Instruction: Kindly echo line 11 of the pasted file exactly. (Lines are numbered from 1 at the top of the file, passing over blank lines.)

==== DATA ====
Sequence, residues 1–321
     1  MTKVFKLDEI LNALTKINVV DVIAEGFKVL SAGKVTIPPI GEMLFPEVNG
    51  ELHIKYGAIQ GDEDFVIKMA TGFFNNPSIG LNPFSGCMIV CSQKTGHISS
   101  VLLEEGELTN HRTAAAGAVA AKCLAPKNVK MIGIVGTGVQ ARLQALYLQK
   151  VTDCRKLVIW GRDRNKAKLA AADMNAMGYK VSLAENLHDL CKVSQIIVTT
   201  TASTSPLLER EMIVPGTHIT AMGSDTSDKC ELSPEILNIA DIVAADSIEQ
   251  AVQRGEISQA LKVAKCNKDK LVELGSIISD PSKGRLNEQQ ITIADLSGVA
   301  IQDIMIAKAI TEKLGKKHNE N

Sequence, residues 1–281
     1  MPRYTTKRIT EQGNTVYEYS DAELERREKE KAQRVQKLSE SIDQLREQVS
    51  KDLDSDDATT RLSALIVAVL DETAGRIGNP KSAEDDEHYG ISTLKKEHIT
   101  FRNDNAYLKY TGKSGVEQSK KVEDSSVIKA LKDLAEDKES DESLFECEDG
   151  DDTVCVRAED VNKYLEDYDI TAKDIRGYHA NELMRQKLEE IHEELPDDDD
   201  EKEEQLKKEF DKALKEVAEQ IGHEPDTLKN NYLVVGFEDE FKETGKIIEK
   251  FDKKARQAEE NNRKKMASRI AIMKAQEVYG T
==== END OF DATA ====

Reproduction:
    51  KDLDSDDATT RLSALIVAVL DETAGRIGNP KSAEDDEHYG ISTLKKEHIT